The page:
The immigration of Greek settlers into the country east of Jordan probably began with the presence there of Alexander the Great, and the towns of Pella (no doubt named from the Macedonian city which was Alexander’s birthplace) and Dion may have been founded by him, as Steph. Byz. states in a somewhat corrupt passage, or by some of his followers. Besides these towns, many other powerful Hellenistic communities sprang into existence, and flourished in the midst of a population from which they were separated by their distinctive culture, and, in so far as it was Jewish, by the practice of heathen worship. The Maccabees (b.c. 166–135) endeavoured to withdraw the Jews (who presumably were at that time the smaller section of the inhabitants) to Judaea ( 1 Maccabees 5:45-54). John Hyrcanus (b.c. 135–105) possibly first adopted the opposite policy, which was vigorously carried out by Alexander Jannaeus (b.c. 104–78), who brought the country from Lake Merom to the Dead Sea completely under his control (Josephus Ant. xiii. xv. 4; Schürer, HJP [Note: JP History of the Jewish People.] , i. i. 192, 297, 306). He took Hippos, Gadara, Pella, Dion, and other important towns, and extinguished the Greek culture which had flourished in them. He forced them to assimilate Jewish manners and ideas, and those places which would not submit he destroyed. In b.c. 64 the Roman province of Syria was formed, and under Pompey and Gabinius the procurator the ruined cities were rebuilt, and the Hellenistic communities regained their independence. Indeed, the sympathy of Pompey was long remembered by them, as is attested by the numerous coins which have been found impressed with his era. It was probably he who organized the Decapolis (the term ἡ Δεκάπολις is found first in the Roman period). See Decapolis.

In b.c. 20, Herod the Great obtained permission to appoint his brother Pheroras tetrarch of Peraea ( Ant. xv. x. 3; BJ , i. xxiv. 5). Pheroras afterwards incurred the enmity of Herod, and retired or was driven to Peraea, where he died, not improbably by poison ( BJ , i. xxix. 4). At his death (b.c. 4) Herod left Galilee and Peraea to his son Antipas ( Ant. xvii. viii. 1). The tribute paid by these provinces was 200 talents ( Ant. xvii. xi. 4). Antipas ruled with the title of tetrarch till his banishment in a.d. 39 by Caius Caesar, who added his tetrarchy to the dominions of Agrippa ( Ant. xviii. vii. 2). Antipas was therefore in authority in Galilee and Peraea during the whole lifetime of John the Baptist and of Christ.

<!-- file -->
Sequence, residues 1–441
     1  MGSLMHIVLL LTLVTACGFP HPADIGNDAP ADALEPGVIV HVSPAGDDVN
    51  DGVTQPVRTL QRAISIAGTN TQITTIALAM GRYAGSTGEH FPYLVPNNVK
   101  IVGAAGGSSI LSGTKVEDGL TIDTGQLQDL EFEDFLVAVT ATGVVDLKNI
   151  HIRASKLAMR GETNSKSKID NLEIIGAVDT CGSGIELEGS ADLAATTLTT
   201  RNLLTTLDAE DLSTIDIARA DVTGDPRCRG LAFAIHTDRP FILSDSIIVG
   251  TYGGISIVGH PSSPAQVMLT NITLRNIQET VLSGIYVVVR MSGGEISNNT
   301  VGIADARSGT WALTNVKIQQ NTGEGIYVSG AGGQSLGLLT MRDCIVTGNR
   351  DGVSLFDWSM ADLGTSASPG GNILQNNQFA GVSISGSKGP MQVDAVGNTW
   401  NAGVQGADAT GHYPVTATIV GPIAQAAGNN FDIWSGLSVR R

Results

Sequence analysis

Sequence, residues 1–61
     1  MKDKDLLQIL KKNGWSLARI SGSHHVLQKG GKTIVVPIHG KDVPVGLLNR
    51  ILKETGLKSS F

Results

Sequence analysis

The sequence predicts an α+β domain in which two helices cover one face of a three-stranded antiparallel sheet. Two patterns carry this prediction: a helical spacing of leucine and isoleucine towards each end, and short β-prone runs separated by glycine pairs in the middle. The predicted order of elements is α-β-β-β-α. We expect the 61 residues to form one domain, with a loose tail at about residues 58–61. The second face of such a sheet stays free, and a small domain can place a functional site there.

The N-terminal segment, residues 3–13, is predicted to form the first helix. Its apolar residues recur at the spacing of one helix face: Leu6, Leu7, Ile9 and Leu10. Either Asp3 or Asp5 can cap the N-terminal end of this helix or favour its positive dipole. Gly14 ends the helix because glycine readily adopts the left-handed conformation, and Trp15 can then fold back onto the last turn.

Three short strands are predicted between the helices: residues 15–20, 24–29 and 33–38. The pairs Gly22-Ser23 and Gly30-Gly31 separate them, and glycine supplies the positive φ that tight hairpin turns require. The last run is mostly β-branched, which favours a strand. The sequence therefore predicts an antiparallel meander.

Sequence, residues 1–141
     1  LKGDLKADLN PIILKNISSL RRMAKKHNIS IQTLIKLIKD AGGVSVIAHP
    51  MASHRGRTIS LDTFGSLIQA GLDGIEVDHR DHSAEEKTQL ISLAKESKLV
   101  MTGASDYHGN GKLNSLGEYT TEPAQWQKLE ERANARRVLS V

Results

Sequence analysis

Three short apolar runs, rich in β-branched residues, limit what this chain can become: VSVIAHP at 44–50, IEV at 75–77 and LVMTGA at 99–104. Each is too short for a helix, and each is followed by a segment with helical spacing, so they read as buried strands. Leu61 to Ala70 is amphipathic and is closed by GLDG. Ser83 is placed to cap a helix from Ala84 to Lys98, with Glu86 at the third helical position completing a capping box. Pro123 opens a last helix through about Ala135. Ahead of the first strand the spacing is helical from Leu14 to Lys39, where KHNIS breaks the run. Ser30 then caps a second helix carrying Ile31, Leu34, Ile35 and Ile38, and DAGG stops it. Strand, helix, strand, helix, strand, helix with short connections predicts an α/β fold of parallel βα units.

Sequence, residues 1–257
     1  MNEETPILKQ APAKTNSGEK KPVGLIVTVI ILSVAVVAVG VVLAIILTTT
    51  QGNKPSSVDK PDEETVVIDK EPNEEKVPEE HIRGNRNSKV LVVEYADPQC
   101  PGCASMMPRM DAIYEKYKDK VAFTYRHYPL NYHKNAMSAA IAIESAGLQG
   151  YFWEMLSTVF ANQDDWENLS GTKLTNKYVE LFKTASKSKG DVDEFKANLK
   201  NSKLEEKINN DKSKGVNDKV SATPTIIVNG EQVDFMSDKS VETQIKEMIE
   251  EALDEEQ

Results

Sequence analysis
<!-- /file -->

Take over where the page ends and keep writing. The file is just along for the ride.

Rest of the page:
Among the towns of Peraea, Pella has a special interest as having been twice the refuge of the Christians fleeing from Jerusalem, in a.d. 68, and again in a.d. 135, when under Hadrian Jerusalem was taken for the second time and its name changed to aelia. The fact that Pella was a heathen city may have been an inducement to the Christians of Jerusalem to seek refuge in it, as it would not attract the hostility of the Romans. Merrill ( East of the Jordan , p. 462 f.) thinks that Christ probably several times passed through the Jordan valley and may well have visited Pella itself. His preaching may have been successful there, and His connexion with the town such as to suggest it as a refuge to the Christians.

Literature.—Besides authorities cited above, see Hasting's Dictionary of the Bible, artt. ‘Peraea,’ ‘Gadara,’ ‘Decapolis,’ ‘Machaerus’; Thomson, Land and Book . For later history, Guy le Strange, Palestine under the Moslems .

A. E. Ross.

Hastings' Dictionary of the Bible [2]

PERÆA. The district called by Josephus ‘the Peræa’ is referred to in NT as ‘beyond Jordan’ (  Matthew 4:16 etc.). When Josephus says that it stretches from Machærus to Pella, and from Philadelphia ( ’Ammân ) to the Jordan, he probably gives political boundaries, excluding Decapolis ( BJ III. iii. 3), since (IV. vii. 3, 6) Gadara is called the capital of the Peræa. The name seems to have covered the ancient ‘Land of Gilead,’ what is now known as Jebel ‘Ajlûn and et-Betkâ . It is perhaps the most picturesque and beautiful part of Palestine. Rough mountain heights rise from the midst of wooded slopes, while rich fields stretch between; anon romantic vales break down into mighty gorges, where the sound of running water makes music all the year. The olive and vine flourish, and good harvests reward the husbandman’s toil.

The removal of the Jews from the Peræa by Judas ( 1Ma 5:45 ) left it in Gentile hands. Later, the Jews resumed possession and control. Alexander Jannæus held sway from the Dead Sea to the roots of Hermon. Peræa was given as a tetrarchy to Pheroras, the brother of Herod ( Ant . XV. x. 3, etc.), and later to Herod Antipas (XVII. viii. 1). From Peræa, Simon made his ill-starred raid upon Jericho (XVII. x. 6). It was part of the jurisdiction of Felix ( BJ II. xii. 8). Manasseh was made governor after the disaster to Cestius (II. xx. 4). Placidus effected its final subjugation to the Romans (IV. vii. 3, 6). It was attached by the Moslems to the province of Damascus, Subsequently it was under Kerak.

The Mishna recognizes the Peræa the land beyond Jordan as a province of the land of Israel, ranking with Judæa and Galilee on the west. On the border of the Peræa probably Jesus was baptized. It was the scene of happy and profitable intercourse with His disciples ( Matthew 19:1 etc.). It furnished the retreat from Jewish enmity, whence He was summoned by the distress at Bethany (  John 10:40 etc.). The most horrible story connected with the siege of Jerusalem is that of Mary, a native of the Peræa ( BJ VI. iii. 4). In the Peræa to-day the Jew is represented only by the travelling tinsmith and the pedlar. Colonies of Circassians are turning the soil to good account, e.g . at Jerash. At es-Salt the natives pursue a profitable trade in raisins, while in the barrîyeh , the uncultivated parts, the nomads find good pasture for their flocks.

W. Ewing.

International Standard Bible Encyclopedia [3]